KhanAcademy.org has free preparation for the SAT college entrance exam and other tests. They’re offering hundreds of previously unreleased math, reading and writing questions from old SAT tests, and 200 videos showing step-by-step solutions to each question.
“The 22 Most Beautifully Secluded Places In The World” are lovely beyond belief, including an island in Iceland, the steppes of Kazakhstan, the Peak District in England, Mount Shuksan of Washington state, parts of Ireland and all over the world.
“This Couple Makes Beautiful Illuminated Dioramas From Hand-Cut Paper” has some remarkable art works cut from paper.
Using Netflix, Hulu Plus, and Amazon Prime, you can get everything but the latest movies, and cut your home entertainment bill by 80 percent or more. (It seems likely that cable companies will respond by merging.) If you like older movies, you’ll find a lot of them for free on YouTube. We recently watched “The Egyptian,” a lavish production with big-name stars.
That all comes in over the Internet. To bring in some free broadcast channels you just need to add an antenna to your TV set. Aye, there’s the rub. Roof antennas work pretty well, but if you live in an apartment, that’s just not practical.
The best, and lightest antenna we’ve tried so far is the “FlatWave Indoor HDTV Antenna” from Winegard ($34 at Amazon). It weighs only a third of an ounce and is a little bigger than a sheet of letter paper. It’s so thin, (2/100 of an inch), we thought at first it was a piece of the packaging. But its rubbery feel saved it from the trash can. Plug it in, hang it on the wall or place it near a window, and scan for channels. We just tossed it behind the TV, and got 18 channels right away. Most came in crystal clear, like high definition TV. A few had pictures that broke up into little pieces, but we’ve had that happen on some cable channels as well.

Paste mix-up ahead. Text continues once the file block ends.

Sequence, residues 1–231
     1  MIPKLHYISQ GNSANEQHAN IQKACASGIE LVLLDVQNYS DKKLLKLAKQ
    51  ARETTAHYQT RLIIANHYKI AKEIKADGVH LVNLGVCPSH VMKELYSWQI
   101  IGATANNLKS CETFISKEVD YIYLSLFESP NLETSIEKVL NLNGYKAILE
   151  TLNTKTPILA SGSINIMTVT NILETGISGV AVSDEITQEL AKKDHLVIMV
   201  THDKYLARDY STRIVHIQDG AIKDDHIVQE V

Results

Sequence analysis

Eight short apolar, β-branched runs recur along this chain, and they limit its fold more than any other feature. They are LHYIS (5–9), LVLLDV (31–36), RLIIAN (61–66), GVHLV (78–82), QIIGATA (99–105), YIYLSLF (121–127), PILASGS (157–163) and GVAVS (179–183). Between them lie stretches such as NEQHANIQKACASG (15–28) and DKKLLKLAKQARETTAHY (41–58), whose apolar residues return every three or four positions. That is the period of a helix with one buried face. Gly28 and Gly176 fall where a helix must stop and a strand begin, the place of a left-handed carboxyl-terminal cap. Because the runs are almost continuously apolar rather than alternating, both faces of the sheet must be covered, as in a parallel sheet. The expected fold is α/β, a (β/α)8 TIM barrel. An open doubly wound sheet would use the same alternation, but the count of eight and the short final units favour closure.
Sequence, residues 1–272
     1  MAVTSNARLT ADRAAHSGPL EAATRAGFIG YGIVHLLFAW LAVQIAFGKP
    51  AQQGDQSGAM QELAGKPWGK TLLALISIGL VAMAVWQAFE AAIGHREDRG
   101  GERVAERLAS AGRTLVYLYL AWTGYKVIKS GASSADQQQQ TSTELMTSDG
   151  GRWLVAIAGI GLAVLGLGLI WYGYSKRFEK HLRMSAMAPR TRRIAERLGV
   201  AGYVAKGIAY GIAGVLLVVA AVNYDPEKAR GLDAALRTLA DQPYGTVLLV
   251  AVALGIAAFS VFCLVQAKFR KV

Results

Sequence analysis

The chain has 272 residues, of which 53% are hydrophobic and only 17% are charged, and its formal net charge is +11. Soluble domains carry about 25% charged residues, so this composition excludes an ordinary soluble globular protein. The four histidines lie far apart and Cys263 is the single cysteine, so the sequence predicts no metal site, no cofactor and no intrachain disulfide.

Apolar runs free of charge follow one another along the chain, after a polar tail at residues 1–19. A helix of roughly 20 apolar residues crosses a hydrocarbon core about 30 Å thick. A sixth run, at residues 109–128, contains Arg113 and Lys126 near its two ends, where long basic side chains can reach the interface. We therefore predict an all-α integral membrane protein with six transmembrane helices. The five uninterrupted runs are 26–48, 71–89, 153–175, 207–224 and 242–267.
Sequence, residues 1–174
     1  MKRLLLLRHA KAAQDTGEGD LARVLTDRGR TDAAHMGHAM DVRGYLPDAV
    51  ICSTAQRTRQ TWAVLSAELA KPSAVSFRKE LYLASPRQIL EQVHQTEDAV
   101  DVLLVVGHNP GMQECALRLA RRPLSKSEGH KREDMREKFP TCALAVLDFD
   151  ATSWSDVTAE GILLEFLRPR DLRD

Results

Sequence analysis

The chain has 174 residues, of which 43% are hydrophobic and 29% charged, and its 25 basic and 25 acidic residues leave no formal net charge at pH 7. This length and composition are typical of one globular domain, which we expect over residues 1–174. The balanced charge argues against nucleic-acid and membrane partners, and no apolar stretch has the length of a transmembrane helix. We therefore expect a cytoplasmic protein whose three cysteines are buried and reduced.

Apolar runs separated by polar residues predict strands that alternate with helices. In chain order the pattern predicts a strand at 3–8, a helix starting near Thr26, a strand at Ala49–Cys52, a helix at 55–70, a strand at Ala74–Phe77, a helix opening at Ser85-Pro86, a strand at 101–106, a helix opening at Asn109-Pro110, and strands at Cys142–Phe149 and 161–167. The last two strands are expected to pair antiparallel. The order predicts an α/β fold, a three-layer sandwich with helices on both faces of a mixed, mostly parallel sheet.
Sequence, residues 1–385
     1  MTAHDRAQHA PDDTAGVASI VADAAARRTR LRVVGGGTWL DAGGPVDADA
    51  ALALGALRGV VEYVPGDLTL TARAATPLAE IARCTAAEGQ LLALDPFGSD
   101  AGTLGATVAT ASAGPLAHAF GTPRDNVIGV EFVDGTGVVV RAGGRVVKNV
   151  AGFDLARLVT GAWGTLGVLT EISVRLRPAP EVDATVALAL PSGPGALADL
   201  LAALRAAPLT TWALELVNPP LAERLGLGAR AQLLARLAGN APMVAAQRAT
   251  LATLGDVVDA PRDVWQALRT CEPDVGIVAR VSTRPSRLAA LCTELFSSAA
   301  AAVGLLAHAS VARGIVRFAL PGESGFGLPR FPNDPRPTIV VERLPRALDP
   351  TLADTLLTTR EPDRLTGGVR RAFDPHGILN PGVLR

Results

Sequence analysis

These channels do not come in from a cable service. If you Google “over the air broadcast schedule,” these are channels usually listed with a decimal point, like “5.1,” for example, instead of channel five. Many of them show movies, often some pretty good movies.
It’s easier than ever to fill up a portable device with music to take on the road. A free Windows program called “FreeMake YouTube MP3 Converter” can collect music and voice from any YouTube video. This lets you make your own playlist from favorite movie scenes and concerts. You might also want to take up dialogue from great movie moments.
We think there’s nothing better than the blues and jazz from the movie, “The Blues Brothers.” So we tested FreeMake by pulling a couple of the best scenes from that movie (they’re all great) into our computer. The program quickly and easily converted the music to digital. We picked up some voice along the way as well, getting a few seconds of Ray Charles before he went into his piano rendition of “Shake a Tail Feather.” Then we collected Aretha Franklin singing “Respect,” from the same movie.
Warning: During installation, be sure to click on “custom” and then uncheck boxes for any extras it wants to install. This is stuff you would not normally want to have since it just gunks up your computer. You’ll actually have to click “custom” twice to be sure you’re not getting unwanted junk. The only box we left checked was the one that created an icon for our desktop, to make finding the program easier.
The program has over 100 million users, but we found their “Freemake YouTube Downloader,” another free program, even handier. Though it’s illegal to download YouTube videos for commercial use, saving them for your own enjoyment seems harmless. And for some frosting on the cake: the program strips out ads.
No need to cry over crumpled Paper, though, there are many alternatives. “Flipboard” lets you create your own magazine of news sources. It’s easier to customize than Paper.
For Android phones and tablets, there’s Google Play Newstand, which shows you headlines that expand to full stories when tapped. We use the free AP Mobile (Associated Press) app.